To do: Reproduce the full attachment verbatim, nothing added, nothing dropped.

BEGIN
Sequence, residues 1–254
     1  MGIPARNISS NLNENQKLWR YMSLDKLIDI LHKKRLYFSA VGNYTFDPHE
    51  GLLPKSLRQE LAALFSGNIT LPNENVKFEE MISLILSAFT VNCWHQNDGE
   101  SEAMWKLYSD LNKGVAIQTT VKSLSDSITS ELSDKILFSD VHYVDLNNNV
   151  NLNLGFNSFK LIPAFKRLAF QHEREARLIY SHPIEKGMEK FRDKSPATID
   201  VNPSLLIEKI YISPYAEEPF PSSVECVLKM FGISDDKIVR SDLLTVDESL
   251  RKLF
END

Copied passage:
Sequence, residues 1–254
     1  MGIPARNISS NLNENQKLWR YMSLDKLIDI LHKKRLYFSA VGNYTFDPHE
    51  GLLPKSLRQE LAALFSGNIT LPNENVKFEE MISLILSAFT VNCWHQNDGE
   101  SEAMWKLYSD LNKGVAIQTT VKSLSDSITS ELSDKILFSD VHYVDLNNNV
   151  NLNLGFNSFK LIPAFKRLAF QHEREARLIY SHPIEKGMEK FRDKSPATID
   201  VNPSLLIEKI YISPYAEEPF PSSVECVLKM FGISDDKIVR SDLLTVDESL
   251  RKLF